The design approach of this project was to design a hotel that challenges conventional/conforming issues in hotel design.
This project was originally a Master's Thesis Project, in which there was a research paper portion followed by a project developed from concepts and conclusions of the research portion.
Within the past 20 years, there has been a distinction from the corporate "chain" hotel market in America in the form of a small, niche market of hotels, which are socially, visually, and geographically different from their "corporate" peers.
Inns and boarding-houses were the origins of the hotel. The "grand" hotels in Europe evolved from the inns and boarding-houses in the following several hundreds of years. These "grand" hotels were created to meet the demand by a certain "higher" social and economical class for a place not only to sleep, but also to express status through "luxury," and the ability to escape everyday life. These attributes of the "grand" hotel and its clientele were directly influential on their design.
Because of consumerism today, the ideas of nonconformity and relinquishment of convention morphs into an idea of mass appeal almost as fast as the idea itself is conceived. Therefore, in order to constantly disrupt convention, the idea is constantly changing. This concept is apparent in the distinction of the "boutique" hotels from the corporate chain hotels, but because of the transitory nature of the values that determine what are "hip" and/or "cool", the nonconformity of the "boutique" hotel is quickly becoming conventional. Their nonconforming characteristics are stagnant, waiting for consumerism to transform it into a convention. A space that can be as transitory as the values that describe and define is a space that is never stagnant. A space that employs the ability to shift its "image" can become a space that can constantly disrupt convention.
Las Vegas employs this concept on mostly a micro-level (common with the renovation and reinvention of many interior spaces, and also a macro-level as the city that constantly reinvents itself. Relatively new buildings get demolished and replaced by newer ones. What if there was a building that can feasibly become newer by the second? Could that building ever be considered conventional?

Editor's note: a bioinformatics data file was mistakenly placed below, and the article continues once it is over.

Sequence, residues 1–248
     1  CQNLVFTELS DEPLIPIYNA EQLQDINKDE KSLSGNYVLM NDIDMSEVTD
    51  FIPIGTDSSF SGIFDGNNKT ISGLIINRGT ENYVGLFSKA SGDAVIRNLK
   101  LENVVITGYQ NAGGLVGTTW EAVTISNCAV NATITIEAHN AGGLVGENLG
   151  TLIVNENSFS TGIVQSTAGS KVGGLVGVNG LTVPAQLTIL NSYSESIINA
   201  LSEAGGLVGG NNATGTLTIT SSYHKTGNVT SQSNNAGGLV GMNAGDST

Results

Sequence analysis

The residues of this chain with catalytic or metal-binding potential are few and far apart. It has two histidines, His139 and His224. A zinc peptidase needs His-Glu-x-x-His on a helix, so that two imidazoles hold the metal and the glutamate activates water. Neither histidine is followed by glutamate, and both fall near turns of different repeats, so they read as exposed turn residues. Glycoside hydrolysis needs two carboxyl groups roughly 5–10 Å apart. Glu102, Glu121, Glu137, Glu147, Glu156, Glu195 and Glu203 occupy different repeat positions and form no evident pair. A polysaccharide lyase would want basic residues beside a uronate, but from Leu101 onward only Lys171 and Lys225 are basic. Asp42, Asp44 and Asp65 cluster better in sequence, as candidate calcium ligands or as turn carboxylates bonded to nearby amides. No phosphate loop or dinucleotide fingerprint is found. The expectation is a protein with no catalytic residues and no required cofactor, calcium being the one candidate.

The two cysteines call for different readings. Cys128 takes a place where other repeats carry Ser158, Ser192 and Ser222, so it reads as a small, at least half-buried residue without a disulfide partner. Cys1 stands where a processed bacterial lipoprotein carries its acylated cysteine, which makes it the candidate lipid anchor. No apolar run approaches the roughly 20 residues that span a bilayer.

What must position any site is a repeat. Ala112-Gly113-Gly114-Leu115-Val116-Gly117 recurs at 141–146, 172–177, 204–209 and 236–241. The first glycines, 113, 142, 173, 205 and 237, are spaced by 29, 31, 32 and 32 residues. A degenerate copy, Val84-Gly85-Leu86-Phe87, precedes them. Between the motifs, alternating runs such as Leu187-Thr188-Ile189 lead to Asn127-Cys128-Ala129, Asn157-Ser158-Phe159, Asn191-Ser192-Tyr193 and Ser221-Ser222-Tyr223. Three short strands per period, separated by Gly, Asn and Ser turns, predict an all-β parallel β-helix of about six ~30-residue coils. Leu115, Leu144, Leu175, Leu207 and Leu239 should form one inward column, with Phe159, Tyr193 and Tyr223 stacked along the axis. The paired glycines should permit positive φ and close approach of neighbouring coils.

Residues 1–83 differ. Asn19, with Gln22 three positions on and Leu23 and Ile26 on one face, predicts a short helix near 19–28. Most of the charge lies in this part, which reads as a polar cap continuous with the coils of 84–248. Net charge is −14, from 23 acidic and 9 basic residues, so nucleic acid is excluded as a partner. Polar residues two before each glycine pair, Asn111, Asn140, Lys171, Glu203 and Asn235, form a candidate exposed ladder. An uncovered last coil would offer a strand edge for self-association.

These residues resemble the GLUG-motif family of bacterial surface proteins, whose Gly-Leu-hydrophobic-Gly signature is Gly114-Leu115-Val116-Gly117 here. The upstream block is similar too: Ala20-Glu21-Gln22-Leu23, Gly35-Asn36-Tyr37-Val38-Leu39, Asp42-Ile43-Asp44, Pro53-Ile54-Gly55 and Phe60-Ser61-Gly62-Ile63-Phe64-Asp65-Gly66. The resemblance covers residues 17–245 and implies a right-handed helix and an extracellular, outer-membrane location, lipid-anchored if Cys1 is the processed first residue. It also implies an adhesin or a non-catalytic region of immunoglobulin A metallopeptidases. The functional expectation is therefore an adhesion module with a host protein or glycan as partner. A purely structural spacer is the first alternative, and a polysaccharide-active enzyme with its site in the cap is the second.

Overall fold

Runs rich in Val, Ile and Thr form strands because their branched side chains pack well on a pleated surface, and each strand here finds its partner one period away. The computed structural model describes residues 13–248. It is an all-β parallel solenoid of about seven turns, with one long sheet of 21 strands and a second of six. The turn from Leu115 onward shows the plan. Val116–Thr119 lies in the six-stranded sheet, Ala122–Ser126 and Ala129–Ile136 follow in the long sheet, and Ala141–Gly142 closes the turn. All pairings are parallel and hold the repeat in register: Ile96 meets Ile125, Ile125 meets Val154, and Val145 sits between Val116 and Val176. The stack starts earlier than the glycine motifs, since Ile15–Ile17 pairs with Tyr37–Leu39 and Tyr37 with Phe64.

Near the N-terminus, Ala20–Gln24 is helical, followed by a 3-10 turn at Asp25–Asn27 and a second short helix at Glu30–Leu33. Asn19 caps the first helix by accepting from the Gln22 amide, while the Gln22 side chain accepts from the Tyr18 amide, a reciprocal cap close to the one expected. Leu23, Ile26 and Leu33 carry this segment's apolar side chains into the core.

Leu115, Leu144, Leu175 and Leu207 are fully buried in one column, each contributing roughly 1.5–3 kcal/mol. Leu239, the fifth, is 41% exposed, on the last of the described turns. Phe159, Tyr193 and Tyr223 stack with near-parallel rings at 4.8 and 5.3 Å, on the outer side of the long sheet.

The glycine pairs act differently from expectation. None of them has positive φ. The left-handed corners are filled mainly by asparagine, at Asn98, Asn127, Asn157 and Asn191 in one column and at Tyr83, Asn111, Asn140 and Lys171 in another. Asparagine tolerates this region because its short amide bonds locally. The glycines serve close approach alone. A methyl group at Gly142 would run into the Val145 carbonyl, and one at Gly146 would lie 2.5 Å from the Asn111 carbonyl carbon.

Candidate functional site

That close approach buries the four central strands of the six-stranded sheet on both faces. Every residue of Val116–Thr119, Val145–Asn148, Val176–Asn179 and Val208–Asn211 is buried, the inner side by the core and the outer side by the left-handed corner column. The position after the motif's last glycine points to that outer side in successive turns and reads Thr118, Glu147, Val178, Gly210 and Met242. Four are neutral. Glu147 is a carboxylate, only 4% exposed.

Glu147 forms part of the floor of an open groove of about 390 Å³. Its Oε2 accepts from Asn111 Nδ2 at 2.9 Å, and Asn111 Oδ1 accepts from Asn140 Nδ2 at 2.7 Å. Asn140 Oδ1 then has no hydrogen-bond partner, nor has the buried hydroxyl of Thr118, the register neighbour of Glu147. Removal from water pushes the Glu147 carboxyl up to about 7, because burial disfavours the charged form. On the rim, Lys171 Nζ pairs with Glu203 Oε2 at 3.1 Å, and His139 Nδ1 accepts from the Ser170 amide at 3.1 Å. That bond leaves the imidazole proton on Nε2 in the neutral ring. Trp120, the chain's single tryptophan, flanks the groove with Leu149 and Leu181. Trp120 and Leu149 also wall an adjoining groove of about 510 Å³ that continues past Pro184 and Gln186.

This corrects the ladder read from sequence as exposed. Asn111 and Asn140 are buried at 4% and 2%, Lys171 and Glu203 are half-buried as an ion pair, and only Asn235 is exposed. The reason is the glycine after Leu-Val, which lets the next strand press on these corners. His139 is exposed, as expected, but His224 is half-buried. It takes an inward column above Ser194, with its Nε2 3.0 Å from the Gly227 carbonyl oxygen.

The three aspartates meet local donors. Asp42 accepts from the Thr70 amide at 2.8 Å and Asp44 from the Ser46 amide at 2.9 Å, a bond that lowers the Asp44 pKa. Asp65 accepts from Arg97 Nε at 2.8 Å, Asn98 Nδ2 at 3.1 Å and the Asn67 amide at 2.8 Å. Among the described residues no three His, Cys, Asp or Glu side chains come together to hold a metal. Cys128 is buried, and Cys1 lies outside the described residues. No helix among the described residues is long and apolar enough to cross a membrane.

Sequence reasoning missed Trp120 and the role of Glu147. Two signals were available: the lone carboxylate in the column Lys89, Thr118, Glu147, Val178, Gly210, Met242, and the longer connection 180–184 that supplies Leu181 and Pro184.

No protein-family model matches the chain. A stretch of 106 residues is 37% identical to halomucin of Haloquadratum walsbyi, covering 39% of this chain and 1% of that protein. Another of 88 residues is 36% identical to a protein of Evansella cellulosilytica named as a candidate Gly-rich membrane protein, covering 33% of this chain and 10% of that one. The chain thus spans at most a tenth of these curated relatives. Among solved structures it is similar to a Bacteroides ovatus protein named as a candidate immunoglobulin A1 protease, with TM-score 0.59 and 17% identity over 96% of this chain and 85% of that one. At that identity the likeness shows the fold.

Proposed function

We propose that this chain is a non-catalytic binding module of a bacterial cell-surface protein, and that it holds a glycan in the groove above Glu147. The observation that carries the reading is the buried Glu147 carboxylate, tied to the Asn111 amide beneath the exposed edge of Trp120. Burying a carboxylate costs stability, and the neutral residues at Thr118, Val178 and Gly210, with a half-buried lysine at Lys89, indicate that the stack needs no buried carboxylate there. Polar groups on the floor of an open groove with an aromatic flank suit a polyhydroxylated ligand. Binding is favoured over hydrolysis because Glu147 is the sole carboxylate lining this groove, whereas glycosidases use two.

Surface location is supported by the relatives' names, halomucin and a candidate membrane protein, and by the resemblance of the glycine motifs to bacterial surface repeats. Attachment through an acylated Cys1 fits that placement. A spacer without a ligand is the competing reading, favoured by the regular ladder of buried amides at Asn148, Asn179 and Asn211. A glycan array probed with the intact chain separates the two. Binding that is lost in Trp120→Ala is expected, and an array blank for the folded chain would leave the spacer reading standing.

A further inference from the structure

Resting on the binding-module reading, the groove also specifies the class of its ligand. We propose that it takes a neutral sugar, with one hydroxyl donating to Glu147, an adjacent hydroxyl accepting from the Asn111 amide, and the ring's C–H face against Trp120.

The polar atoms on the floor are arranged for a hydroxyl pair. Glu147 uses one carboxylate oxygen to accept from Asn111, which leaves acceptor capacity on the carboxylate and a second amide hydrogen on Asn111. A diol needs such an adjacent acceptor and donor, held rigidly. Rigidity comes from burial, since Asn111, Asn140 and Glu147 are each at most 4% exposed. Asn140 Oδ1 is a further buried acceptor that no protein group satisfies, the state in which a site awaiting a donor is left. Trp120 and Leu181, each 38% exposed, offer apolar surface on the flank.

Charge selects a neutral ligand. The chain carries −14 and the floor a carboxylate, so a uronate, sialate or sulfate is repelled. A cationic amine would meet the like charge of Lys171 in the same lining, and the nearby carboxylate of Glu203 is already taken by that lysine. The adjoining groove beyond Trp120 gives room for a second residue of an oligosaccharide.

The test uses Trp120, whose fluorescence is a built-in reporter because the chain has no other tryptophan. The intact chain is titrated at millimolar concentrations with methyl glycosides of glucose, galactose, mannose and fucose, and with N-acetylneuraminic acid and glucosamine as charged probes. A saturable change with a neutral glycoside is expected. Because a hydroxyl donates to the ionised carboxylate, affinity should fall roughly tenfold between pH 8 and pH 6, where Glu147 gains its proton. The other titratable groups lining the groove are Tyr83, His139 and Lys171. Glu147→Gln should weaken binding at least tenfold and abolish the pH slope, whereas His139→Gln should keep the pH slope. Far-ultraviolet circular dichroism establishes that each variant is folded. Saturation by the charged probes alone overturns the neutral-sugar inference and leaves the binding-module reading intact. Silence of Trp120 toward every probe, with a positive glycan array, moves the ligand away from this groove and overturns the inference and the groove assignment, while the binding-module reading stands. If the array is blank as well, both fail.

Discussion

This project not only challenges conventional methods of an entry process and spacial layouts in hotel design, but also investigates possibilities of constant flux through its modular, double frame, where parts and pieces can be easily `changed' out.
AIA Nevada Design Awards (2007) Entry No. OC07017, Submission.
UNLV Architecture Studies Library holds: Form Core Boards, Project Identification Form, Photo Release Form, Intern Compensation Disclaimer Form, Project Entry Form, Exteriors Photos, Site Plan, Floor Plans, Interior Photos and CD
Site selection played an integral role in the development of the sustainability issues of this project. Rather than emulate the current trends of the mega-resorts of Las Vegas, which occupy large 100+ acre city blocks and generally create a slew of voids and pockets in the urban fabric, the site for INN was chosen to fill a void created by the bordering Bellagio and the proposed Cosmopolitan and City Center sites.
The north-south orientation of the rooms not only allows clear views up and down Las Vegas Blvd, but also takes advantage of natural day lighting.
The proposed Cosmopolitan directly to the south of the site would provide shade for much of the INN's south facade, especially in the afternoon.
The tower's main elevator lobby protects much of the tower's west facade.
The tower's 'double frame' allows for endless possibilities of room configurations to maximize shading (especially on the south facade) and also possibilities of passive cooling through heat chimneys. Also it creates a modular system for feasible remodels and renovations with minimal construction waste material.
3700 Las Vegas Blvd.
Las Vegas, NV
AIA Nevada Honor Award Open Category. Awarded on 2007.